China’s New Upper Middle Classes: The Importance of Occupational Disaggregation

Publication Date: 
December 2010
in China’s Emerging Middle Class; Beyond Economic Transformation, edited by Cheng Li (Washington DC; Brookings Institute):157-178.
Jianying Wang

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Publisher Comments:
The rapid emergence and explosive growth of China’s middle class have enormous consequences for that nation’s domestic future, for the global economy, and for the whole world. In China’s Emerging Middle Class, noted scholar Cheng Li and a team of experts focus on the sociopolitical ramifications of the birth and growth of the Chinese middle class over the past two decades.
The contributors, from diverse disciplines and different regions, examine the development and evolution of China’s middle class from a variety of analytical perspectives. What is its educational and occupational makeup? Are its members united by a common identity –by a shared political vision and worldview? How does the Chinese middle class compare with its counterparts in other countries? The contributors shed light on these and many other issues pertaining to the rapid rise of the middle class in the Middle Kingdom.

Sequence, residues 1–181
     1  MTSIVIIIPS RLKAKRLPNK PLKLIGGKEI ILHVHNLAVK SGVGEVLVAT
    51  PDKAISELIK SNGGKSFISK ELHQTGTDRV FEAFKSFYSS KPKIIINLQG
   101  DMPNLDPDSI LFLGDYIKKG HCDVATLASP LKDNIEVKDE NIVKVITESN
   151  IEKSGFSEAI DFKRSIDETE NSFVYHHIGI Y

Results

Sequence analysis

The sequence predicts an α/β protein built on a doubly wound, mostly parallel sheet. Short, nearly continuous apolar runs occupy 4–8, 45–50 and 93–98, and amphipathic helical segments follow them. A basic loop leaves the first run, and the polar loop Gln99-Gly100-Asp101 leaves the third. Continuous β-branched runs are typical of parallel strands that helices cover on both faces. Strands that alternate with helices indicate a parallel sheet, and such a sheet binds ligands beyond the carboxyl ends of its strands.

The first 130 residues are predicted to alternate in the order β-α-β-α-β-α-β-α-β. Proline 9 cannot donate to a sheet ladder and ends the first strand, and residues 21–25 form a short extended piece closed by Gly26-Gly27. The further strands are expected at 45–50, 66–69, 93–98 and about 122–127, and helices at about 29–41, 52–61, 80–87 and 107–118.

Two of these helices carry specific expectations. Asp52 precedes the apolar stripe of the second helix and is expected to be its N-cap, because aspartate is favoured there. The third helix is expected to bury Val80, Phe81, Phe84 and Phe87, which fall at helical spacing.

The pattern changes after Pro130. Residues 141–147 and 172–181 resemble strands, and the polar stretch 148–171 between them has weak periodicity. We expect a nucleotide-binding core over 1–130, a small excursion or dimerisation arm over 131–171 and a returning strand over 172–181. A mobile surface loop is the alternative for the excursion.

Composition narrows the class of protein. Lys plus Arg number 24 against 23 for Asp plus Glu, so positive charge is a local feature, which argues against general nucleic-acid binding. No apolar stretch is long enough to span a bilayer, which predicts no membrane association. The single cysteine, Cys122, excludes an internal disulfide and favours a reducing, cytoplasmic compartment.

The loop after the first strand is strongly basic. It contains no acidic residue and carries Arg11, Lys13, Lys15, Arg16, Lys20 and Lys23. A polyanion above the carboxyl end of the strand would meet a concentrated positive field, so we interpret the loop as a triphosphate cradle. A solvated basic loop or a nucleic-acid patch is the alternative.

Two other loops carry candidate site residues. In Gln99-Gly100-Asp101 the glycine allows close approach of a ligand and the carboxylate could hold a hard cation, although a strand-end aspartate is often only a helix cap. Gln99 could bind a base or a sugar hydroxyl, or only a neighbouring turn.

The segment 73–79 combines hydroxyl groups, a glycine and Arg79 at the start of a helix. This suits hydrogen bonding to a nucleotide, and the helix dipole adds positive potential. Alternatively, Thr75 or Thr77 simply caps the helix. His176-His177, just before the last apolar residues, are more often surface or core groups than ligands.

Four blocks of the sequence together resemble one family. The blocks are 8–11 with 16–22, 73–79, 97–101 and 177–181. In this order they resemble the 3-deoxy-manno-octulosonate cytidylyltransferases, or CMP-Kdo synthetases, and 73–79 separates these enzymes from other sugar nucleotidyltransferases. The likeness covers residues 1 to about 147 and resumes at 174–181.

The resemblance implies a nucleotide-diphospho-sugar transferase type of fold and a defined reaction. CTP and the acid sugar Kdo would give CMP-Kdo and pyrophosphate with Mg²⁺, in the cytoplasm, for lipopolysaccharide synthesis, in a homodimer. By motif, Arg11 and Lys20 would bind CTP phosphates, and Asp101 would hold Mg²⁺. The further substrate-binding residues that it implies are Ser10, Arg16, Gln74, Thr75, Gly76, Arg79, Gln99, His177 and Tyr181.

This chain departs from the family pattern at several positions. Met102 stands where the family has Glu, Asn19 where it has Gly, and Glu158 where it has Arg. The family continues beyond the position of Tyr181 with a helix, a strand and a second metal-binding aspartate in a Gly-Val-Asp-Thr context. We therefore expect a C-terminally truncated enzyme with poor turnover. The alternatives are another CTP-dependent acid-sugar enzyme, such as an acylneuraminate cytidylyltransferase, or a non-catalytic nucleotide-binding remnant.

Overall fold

Contributors: Jie Chen (Old Dominion University), Deborah Davis (Yale University),Bruce J. Dickson (George Washington University), Geoffrey Gertz (Brookings), Han Sang-Jin (Seoul National University), Hsin-Huang Michael Hsiao (National Taiwan University), Homi Kharas (Brookings), Li Chunling (Chinese Academy of Social Sciences),Jing Lin (University of Maryland–College Park), Sida Liu (University of Wisconsin–Madison), Lu Hanlong (Shanghai Academy of Social Sciences), Joyce Yanyun Man(Peking University–Lincoln Center), Ethan Michelson (Indiana University–Bloomington),Qin Chen (Hohai University), Xiaoyan Sun (Beijing Foreign Studies University), Luigi Tomba (Australian National University), Jianying Wang (Yale University), and Zhou Xiaohong (Nanjing University).